Common sense justice is a £1M hit in Derbyshire, UK
Sep 14, 2009
from the article on derbyshire.co.uk:
Restorative justice gives the victim a say in how an offender is dealt with.
Young vandals who cause damage can be forced to repair it and apologise to the property owner, and minor assaults can be dealt with by attackers agreeing to pay compensation to their victims.
In each case, the situation is resolved without court action, saving thousands of hours of police time and preventing youngsters from getting criminal records. Police say that since the scheme was introduced in Derbyshire in April, more than 1,600 crimes have been dealt with using the new powers....
....Supt Branson said although the restorative justice scheme had benefited the force, he emphasised it was introduced for victims of crime. He said: "It has reduced bureaucracy and paperwork but this is something that was introduced for the benefit of victims and to get better results for them."
Supt Branson said 95% of victims dealt with through restorative justice were satisfied with the outcome.
During a meeting of Derbyshire Police Authority, Assistant Chief Constable Peter Goodman said 1,600 officers had been trained to use restorative justice. A further 197 police community support officers have also been trained.
Mr Goodman said that, since the scheme was introduced, there had been fewer arrests and fewer people in custody.
On August 23, six boys daubed graffiti on a slide and playing wall at Granby Park in Ilkeston. They were identified by officers and, after admitting what they had done, were each made to clean up the graffiti and apologise.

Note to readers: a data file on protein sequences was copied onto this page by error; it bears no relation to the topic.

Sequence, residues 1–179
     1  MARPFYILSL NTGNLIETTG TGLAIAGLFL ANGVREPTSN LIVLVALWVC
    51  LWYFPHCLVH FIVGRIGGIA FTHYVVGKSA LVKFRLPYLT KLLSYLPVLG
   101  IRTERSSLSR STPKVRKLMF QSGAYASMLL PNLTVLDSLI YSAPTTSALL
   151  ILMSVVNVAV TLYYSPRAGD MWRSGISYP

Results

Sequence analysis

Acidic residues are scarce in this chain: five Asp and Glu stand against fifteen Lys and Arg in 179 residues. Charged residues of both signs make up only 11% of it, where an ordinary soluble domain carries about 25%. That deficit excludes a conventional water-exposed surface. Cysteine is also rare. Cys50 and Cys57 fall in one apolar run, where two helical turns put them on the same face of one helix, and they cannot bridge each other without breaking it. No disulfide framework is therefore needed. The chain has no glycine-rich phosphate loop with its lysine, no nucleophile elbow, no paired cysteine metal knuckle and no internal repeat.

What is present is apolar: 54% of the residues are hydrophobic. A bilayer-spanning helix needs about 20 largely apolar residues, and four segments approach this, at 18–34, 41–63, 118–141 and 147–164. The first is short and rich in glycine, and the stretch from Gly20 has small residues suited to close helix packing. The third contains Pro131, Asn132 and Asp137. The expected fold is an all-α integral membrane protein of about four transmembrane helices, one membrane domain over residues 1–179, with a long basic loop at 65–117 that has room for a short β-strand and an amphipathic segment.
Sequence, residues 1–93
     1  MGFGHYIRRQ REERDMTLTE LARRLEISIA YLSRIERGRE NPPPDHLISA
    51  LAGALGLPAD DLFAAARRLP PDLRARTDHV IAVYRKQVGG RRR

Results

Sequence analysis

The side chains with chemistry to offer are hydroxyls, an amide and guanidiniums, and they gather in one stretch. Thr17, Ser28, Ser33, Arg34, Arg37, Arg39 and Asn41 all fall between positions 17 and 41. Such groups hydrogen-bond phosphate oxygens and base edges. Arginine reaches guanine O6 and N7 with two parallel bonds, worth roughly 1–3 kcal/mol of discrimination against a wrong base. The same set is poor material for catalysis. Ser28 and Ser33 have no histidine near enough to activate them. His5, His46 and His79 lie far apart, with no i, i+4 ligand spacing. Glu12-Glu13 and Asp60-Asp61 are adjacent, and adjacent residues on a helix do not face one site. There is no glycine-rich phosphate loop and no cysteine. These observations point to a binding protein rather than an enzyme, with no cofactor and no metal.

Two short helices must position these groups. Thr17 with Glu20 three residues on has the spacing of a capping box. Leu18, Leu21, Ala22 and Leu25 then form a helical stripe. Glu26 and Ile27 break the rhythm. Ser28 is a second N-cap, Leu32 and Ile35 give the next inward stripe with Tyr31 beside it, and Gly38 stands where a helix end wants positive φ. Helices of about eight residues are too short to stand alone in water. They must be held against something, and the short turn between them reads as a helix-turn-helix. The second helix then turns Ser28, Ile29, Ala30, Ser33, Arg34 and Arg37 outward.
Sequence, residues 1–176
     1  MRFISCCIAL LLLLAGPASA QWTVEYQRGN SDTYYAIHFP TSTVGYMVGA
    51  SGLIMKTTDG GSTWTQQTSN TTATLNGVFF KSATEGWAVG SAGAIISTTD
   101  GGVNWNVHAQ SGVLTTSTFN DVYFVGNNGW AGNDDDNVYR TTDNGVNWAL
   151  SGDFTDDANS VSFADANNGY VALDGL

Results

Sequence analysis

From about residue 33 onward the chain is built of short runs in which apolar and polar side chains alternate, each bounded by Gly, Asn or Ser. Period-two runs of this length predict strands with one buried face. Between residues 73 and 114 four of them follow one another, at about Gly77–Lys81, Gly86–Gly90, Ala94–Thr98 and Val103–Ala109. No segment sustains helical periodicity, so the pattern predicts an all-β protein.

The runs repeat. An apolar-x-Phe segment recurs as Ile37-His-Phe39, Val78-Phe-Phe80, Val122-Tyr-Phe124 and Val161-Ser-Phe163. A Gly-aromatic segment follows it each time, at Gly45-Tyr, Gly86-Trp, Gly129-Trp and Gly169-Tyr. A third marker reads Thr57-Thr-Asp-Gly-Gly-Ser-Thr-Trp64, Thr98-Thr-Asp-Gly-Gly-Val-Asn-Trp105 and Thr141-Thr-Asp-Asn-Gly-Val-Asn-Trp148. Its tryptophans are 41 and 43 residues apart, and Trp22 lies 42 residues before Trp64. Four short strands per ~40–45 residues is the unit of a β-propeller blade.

On May 30, two drunken 18-year-old men were caught kicking a car in Langley Mill. Police negotiated for them to pay £250 to the victim to cover insurance excess to fix the damage.
In April, taxi driver Shahid Malik had his cab vandalised when a passenger broke the radio aerial. The passenger sent a letter of apology to Mr Malik, of Littleover, and paid for the damage.
The 49-year-old said: "I was very happy with how my case was dealt with. Taxi drivers rarely report things like this but my case should encourage them to do so because they can get something out of it.
"Drivers don't think it is worthwhile reporting small things like this because it happens regularly and they don't want to waste their time. The new way of dealing with this type of crime changes that."
In April, officers dealt with 171 crimes by restorative justice, 304 in May, 411 in June and 472 in July. In that month, 26% of all crime was dealt with using restorative justice.
The Derby Telegraph has reported that Derbyshire police are being under-funded by the Government for around £6m.
A spokeswoman for the force said restorative justice was one of the ways it was trying to make savings.